#MentorMonday: Richard Asirifi
Welcome to #MentorMonday! Mondays are dedicated to celebrating Black LICENSED Architects, Designers, and individuals in the profession of Architecture! The questions asked to these individuals are to allow us into their lives and to be used as an inspiration. I hope you all enjoy this series. The opinions and views expressed do not reflect those of America’s Hidden Gem(TM). They are exclusively opinions of those by whom they’re shared.
Richard Kwame Asirifi
Born in Ghana, living in Roebling New Jersey
Urban Designer/Project Manager, Topology LLC
What/who sparked your interest in Architecture and when?
Growing up in Ghana and being from a military family we moved around a lot. This exposed me to diverse cultures and the architecture of varied regions in the West African subregion at a very early stage in my life. Since then, I’ve always been curious about how places came to be, and this continues to influence my passion for design and the built environment.
What does it mean to be a black architect/ designer to you? Do you feel that you have more responsibility?
Being a black architect/planner is a great honor I do not take for granted, and knowing the world’s greatest architects designed/built the pyramids in Egypt is ever so inspiring. Yes, I always do feel a high level of responsibility representing and advocating for marginally underrepresented groups, interests, and communities.
What are some obstacles you’ve experienced or currently experiencing as a black architect/ designer?
Generally, I believe obstacles in life are to help us all grow, and navigating these obstacles in school and especially in the professional world contributes to the much-needed experience for professional growth. Lack of opportunities is one major obstacle we always face as minority architects/planners – I remember earlier on in my career when I had just relocated to the US I had a hard time getting work. There were always preconceptions or misconceptions about my experience, what I could do or what I brought to the table. Lack of diversity is another obstacle both in architectural education and practice, you’re sometimes challenged mentally and emotionally when you do not recognize yourself in your surroundings. That’s why I believe we must cultivate and encourage more next-generation architects and planners!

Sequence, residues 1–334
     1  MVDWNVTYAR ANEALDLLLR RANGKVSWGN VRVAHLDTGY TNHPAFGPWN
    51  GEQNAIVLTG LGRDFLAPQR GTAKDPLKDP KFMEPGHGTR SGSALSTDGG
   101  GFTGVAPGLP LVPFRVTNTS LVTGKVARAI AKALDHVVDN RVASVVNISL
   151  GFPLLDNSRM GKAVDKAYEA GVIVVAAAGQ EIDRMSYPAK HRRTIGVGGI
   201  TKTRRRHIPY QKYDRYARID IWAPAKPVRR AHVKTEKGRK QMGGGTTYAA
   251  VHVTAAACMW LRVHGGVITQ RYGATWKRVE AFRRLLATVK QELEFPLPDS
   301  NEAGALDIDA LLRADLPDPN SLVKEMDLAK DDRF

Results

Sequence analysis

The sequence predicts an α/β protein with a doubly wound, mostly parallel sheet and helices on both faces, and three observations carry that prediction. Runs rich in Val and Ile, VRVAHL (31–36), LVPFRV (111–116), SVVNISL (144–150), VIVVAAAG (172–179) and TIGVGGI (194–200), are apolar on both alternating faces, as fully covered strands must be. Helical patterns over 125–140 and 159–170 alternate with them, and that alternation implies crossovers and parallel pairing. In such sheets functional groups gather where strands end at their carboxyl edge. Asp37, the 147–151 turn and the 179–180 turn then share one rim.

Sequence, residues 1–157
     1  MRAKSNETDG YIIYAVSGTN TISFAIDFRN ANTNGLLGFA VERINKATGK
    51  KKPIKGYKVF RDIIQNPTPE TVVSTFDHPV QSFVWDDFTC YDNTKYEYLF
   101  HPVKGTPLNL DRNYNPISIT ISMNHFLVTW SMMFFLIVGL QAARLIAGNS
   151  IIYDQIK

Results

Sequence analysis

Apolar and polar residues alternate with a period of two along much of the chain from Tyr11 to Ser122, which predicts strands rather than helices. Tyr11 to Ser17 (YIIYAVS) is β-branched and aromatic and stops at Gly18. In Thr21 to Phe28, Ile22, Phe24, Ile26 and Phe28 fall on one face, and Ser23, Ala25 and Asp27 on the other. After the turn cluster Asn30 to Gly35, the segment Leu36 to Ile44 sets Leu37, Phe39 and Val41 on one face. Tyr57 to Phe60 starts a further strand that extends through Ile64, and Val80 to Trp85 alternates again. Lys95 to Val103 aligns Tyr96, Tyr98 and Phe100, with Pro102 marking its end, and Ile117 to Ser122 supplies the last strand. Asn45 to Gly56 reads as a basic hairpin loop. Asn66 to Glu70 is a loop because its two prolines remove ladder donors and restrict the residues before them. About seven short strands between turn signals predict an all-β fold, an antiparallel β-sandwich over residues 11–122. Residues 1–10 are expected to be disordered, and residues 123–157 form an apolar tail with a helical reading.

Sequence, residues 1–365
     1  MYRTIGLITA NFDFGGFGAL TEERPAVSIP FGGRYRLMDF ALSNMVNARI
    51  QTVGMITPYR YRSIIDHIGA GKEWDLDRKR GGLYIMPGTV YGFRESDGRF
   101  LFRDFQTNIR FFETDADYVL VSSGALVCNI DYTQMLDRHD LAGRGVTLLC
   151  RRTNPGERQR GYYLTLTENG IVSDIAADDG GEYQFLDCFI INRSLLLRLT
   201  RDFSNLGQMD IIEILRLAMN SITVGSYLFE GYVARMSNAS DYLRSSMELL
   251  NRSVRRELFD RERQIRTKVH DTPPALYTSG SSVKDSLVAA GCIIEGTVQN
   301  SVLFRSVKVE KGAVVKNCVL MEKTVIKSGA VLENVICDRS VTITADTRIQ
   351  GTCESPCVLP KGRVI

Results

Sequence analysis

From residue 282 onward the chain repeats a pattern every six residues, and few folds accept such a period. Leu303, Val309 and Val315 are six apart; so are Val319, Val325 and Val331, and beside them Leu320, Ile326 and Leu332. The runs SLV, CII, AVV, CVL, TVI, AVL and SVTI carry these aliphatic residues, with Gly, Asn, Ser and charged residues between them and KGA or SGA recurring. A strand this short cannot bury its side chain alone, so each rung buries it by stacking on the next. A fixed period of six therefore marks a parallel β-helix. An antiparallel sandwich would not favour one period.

Should we ignore race in this profession?
As long as our profession is geared to serve the public and the public is made up of a myriad of black, brown, white and in between, race in the profession can never be ignored. Embracing diversity generates great new ideas, presents new ways to cater to people, and brings out the best in the profession.
If you could give advice to a black student in Architecture school right now, what would it be?
Create, build and nurture your brand always! Put your best foot forward wherever you find yourself – in class, studio, break rooms, library, sports field, and online – especially online. Your online profiles (Instagram, Facebook, LinkedIn, podcasts, websites) are your front office, they are the first impression the world gets of you so always be your best self online. Never underestimate the power of networking – attend school events, participate in competitions and alumni events. Join as many extracurricular organizations as you can and stay active and relevant. To this day, many of the hands that have pulled me up the career ladder are from some associations I formed during my time in graduate school. Keep learning something new every day, there are no limits to knowledge– learn a new skill– photography, videography, cooking, dancing, drawing, new language – whatever it may be. I have found that hiring decisions are not always based on only your hard skills, but many times your soft skills may end up be the deciding factor. Finally, always keep pushing, there will be many no’s along the way but there also will be some yes’s – so keep focused and stay motivated for those yes’s!
Describe a moment you were at your lowest on your pursuit to licensure and how did you overcome it?
I was quite disappointed when I did not pass my professional exam on the first try, I, however, took the opportunity to go back to the drawing board, reassess my goals, applied myself, and came back stronger and better. Don’t be afraid to fail, there’s always an opportunity to grow and learn in failure.
How important is representation?
Representation is so critical! You can mostly be what you see – seeing people who look like you, speak like you, come from the same place as you always serve as an inspiration to aspire!